Teacher working hours not linked to retention crisis

Despite finding that 1 in 4 teachers work a 60 hour week and total working hours average 47 hours per week during term time, a report this week has found that working hours have remained relatively stable for the last 20 years.

The report released this week from UCL Institute of Education has shown that teacher hours between 1992 and 2018 have been high relative to other countries but have not significantly fluctuated, remaining between averages of 46 and 48 hours per week.

The report also shows that since 2013 the amount of time split between teaching time and non teaching tasks such as administration, marking and lesson planning had remained unchanged.

This suggests that working hours have little bearing on the current crisis in retention. Earlier this year an NEU members’ survey showed that 40% predicted they will no longer be in education by 2024.

Instead, the report suggests that there needs to be more work done to improve other aspects of the profession, such as pay, leadership and working conditions. However, the report also acknowledged that its focus was only on hours worked, as opposed to overall workload, so did not take into account the stress of unfinished work.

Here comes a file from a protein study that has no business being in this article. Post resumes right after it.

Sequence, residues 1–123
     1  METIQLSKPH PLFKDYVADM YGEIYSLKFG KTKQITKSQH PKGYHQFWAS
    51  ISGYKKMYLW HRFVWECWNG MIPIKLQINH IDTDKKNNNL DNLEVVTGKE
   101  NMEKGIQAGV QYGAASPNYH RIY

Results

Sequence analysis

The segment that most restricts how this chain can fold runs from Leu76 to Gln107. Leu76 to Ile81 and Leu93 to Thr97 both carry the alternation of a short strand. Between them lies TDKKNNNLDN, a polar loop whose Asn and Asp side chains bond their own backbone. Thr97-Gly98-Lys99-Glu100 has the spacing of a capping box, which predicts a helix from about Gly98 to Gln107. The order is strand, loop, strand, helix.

In the most recent data available, the National Audit Office September 2017 report showed that the North East was the region reporting the lowest proportion of schools with vacancies. Whilst this seems to show that retention is less of an issue for the region the report did note that, like the rest of the country, the North East had seen a rise in vacancies since 2010.

A pilot scheme aimed at retaining Maths and Physics teachers began in the North East this year, providing eligible teachers a £2,000 retention payment in the 2019/20 and 2020/21 academic years.

For more on this topic:


Schools Week

The Independent

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